I read this quote recently somewhere and it really resonated – merely a few days into the fall, the blur of summer feels like a distant memory. It used to be that summer was a time of catch up and slow-down in professional life – fewer events, fewer meetings, and more time to savor the longer days and the sun’s reflections casting light across the office. However, the pace didn’t seem to slow this summer at HCIF, as we had a number of exciting projects and initiatives that continued to keep us busy throughout the season.

Our summer kicked off with our Health Literacy Summit in June, a 2-day virtual journey exploring concepts related to equity, inclusive care, and connection to our inner patient. It was a fascinating two-day event which highlighted and elevated patient voices in a panel discussion about how health literacy can be a catalyst for achieving health equity. It also featured a moving presentation following the journey of an individual with substance use disorder and the barriers he encountered in receiving care, until a lens of inclusion was applied to his healthcare pathway. Our next health literacy summit is coming up in just a few weeks on October 27th, and is sure to be equally as engaging.

The region’s hospitals and healthsystems achieved a major milestone with the completion of the regional Community Health Needs Assessment (rCHNA) on June 30th, 2022. Facilitated by HCIF, the rCHNA identifies a number of health issues the broader Southeastern Pennsylvania area can use to prioritize efforts and resources. Some of these priorities include: mental health conditions, access to care, chronic disease prevention and management, substance use disorders, and racism and healthcare disparities.

In July, HCIF held a quarterly Board of Directors meeting to coincide with the end of our fiscal year. During this meeting, HCIF reviewed achievements related to annual organizational and programmatic goals. One of the goals we have been working towards for the past year is the development of a vision statement to guide our work in anti-racism:

“As a collaborative partner invested in the health of diverse communities, HCIF strongly values and centers health equity, accessibility to health care, and freedom from health care harm. We firmly believe we can only achieve equity when all are ensured the right to safe, high quality, and compassionate health care.

HCIF strongly condemns racism and bigotry which are in direct opposition to equity and perpetuate poor health outcomes and disparities. HCIF commits to fighting racism by using and sharing our collective knowledge, influence, and power to advance high quality health care for all communities.”

We recognize that statements are just that….without actions, they are just words. We have worked hard since 2020 to ensure that our words are backed up with forward progress, by educating our team, participating in discussion forums, and engaging resources to support our health equity and anti-racism journey. In the coming months, we will be working on actions and commitments we can make as an organization to ensure our anti-racism work is sustained.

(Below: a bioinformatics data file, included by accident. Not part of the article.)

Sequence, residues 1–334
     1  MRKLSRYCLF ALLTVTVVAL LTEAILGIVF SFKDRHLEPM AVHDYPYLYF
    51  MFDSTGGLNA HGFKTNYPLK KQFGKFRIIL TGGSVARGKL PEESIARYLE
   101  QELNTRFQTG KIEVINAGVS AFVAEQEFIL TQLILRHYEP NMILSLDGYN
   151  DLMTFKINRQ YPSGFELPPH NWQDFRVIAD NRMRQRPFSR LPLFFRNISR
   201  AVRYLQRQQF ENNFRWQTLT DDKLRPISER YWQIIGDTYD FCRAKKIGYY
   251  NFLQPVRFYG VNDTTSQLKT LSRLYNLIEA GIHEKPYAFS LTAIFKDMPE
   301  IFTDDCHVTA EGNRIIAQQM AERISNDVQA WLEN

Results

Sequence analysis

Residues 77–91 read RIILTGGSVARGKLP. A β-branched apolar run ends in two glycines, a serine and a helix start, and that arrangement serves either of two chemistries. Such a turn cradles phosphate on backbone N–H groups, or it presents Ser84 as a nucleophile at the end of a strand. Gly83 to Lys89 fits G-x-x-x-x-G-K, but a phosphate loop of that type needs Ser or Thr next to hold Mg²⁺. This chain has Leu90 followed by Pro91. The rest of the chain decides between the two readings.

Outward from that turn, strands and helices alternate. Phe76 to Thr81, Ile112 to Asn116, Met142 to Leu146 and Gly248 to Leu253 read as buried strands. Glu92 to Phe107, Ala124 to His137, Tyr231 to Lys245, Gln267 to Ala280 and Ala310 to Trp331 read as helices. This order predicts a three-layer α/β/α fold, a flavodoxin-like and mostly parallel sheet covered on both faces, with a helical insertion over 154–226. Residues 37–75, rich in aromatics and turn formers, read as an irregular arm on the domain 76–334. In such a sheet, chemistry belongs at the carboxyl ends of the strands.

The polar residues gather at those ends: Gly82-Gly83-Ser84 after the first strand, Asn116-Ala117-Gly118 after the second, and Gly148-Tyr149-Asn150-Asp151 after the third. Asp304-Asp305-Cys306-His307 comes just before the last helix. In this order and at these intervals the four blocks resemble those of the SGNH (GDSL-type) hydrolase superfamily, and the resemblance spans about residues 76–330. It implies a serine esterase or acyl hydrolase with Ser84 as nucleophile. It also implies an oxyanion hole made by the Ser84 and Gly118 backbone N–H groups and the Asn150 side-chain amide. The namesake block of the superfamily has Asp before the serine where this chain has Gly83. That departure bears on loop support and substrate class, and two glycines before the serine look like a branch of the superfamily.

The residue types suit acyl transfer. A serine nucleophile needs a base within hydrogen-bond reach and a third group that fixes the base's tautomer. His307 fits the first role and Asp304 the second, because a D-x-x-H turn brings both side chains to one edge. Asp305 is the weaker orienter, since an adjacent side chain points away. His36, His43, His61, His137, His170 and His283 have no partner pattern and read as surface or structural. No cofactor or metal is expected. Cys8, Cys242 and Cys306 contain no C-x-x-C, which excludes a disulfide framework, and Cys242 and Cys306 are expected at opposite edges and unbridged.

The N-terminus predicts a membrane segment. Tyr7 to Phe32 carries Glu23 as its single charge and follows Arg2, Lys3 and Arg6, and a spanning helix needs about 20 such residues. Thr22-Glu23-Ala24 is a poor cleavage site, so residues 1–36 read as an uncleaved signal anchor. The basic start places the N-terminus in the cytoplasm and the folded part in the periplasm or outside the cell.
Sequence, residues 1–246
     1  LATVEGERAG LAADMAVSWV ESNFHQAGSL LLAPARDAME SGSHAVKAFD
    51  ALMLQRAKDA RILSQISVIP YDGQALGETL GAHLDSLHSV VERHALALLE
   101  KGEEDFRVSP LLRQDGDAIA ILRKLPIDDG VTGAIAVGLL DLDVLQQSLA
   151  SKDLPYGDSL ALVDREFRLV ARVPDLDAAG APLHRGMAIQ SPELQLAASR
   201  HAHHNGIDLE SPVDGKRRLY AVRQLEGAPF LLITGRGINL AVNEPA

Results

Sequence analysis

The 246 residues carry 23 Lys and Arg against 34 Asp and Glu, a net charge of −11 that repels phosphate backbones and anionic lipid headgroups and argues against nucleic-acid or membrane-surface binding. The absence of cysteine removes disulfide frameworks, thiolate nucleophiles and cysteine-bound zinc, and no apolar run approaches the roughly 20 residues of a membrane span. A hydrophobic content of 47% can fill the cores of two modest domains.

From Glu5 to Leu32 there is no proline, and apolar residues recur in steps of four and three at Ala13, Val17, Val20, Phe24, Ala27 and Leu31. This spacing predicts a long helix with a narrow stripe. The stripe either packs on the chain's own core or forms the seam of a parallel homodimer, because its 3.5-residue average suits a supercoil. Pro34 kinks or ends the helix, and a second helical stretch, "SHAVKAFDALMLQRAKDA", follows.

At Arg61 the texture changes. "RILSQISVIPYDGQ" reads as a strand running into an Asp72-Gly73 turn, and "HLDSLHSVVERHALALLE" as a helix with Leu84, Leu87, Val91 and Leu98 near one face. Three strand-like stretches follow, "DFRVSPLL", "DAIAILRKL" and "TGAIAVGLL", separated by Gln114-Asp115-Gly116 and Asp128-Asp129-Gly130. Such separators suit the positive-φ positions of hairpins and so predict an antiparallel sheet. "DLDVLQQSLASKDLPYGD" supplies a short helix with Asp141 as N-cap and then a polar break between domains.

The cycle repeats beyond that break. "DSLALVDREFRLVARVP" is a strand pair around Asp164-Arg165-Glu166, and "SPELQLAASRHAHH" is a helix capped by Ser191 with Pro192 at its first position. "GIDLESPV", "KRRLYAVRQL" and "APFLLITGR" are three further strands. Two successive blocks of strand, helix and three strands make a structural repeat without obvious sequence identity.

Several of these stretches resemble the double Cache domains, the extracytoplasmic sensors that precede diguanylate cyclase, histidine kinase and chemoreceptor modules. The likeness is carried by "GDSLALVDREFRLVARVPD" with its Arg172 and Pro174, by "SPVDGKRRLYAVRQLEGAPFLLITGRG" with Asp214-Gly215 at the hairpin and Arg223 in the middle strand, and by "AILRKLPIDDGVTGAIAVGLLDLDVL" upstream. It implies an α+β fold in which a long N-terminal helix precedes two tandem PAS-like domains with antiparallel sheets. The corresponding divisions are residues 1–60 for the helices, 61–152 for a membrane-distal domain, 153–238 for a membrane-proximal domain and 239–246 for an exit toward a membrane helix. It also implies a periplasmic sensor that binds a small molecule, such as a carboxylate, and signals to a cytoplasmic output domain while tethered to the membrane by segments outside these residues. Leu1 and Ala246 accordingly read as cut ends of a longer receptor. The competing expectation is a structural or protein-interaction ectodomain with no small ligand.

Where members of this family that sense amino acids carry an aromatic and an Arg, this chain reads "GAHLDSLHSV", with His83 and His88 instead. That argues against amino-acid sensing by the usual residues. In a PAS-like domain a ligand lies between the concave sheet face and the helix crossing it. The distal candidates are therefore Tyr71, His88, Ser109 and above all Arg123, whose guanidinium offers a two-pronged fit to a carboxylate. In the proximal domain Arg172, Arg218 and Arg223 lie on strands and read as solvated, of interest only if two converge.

Beginning in August, HCIF also welcomed three new staff members over the past several weeks: Lauren Eckel (Project Coordinator), Sehrish Rashid (Project Manager), and Meghan Smith (Project Manager). We are excited to have them join HCIF and eagerly await the many ways they are sure to contribute to the important work of our organization.

The summer sped by and the fall is looking quite busy too for HCIF. We look forward to keeping you updated on our many events and milestones through future Highlights newsletters and our social media spaces. In the meantime, savor these last few warm days and longer periods of daylight before the fall becomes a distant memory.

President’s Update: June 2022

Wendy Nickel

June 29, 2022

As the Pennsylvania Health Literacy Summit kicked off earlier this month, we were introduced to A.L, a 39 year-old individual who was an intravenous drug user living on the streets. A.L. had a serious infection and required a hospital stay, but for an individual living with addiction, it was challenging for staff to understand his needs and how to address his myriad health and social challenges. We followed A.L.’s journey to find secure food resources, and then affordable housing, and then pre- and post-natal care for his partner and growing family. Through A.L.’s journey, we learned about inclusion health and how caring for excluded populations helps us to improve care for all.

A.L.’s journey teaches us that inequitable access to care, healthcare disparities, and healthcare harm is often caused by exclusion. By now, many of you have seen the graphic that shows individuals of differing heights standing on the same-sized box trying to see over a fence to view a baseball game. The graphic depicts the continuum from equality to equity. A newer addition to the graphic shows the continuum ending in inclusion, with no fence creating a barrier and the viewers now as participants in the game.

Health literacy is a mechanism to ensure all have the opportunity to be included in healthcare. Imagine an individual who is overwhelmed by a difficult diagnosis and is asked to make a healthcare decision without support or potential understanding. We are perpetuating exclusion when we don’t ensure all individuals have the ability or capacity to participate in their healthcare. Employing health literacy best practices can quite literally ensure that every member of our communities has access to an extraordinarily complex system. Health literacy isn’t just about addressing the individual who speaks English as a second language, or the person who has less than an eighth grade education. It’s also about a paradigm shift to understanding all of the factors which contribute to an individual’s understanding and experience of care.

Health literacy levels the playing field to ensure all are included in healthcare. HCIF is grateful to serve as the lead for the Pennsylvania Health Literacy Coalition and continue to prop the doors open. For more information about our work in health literacy, please visit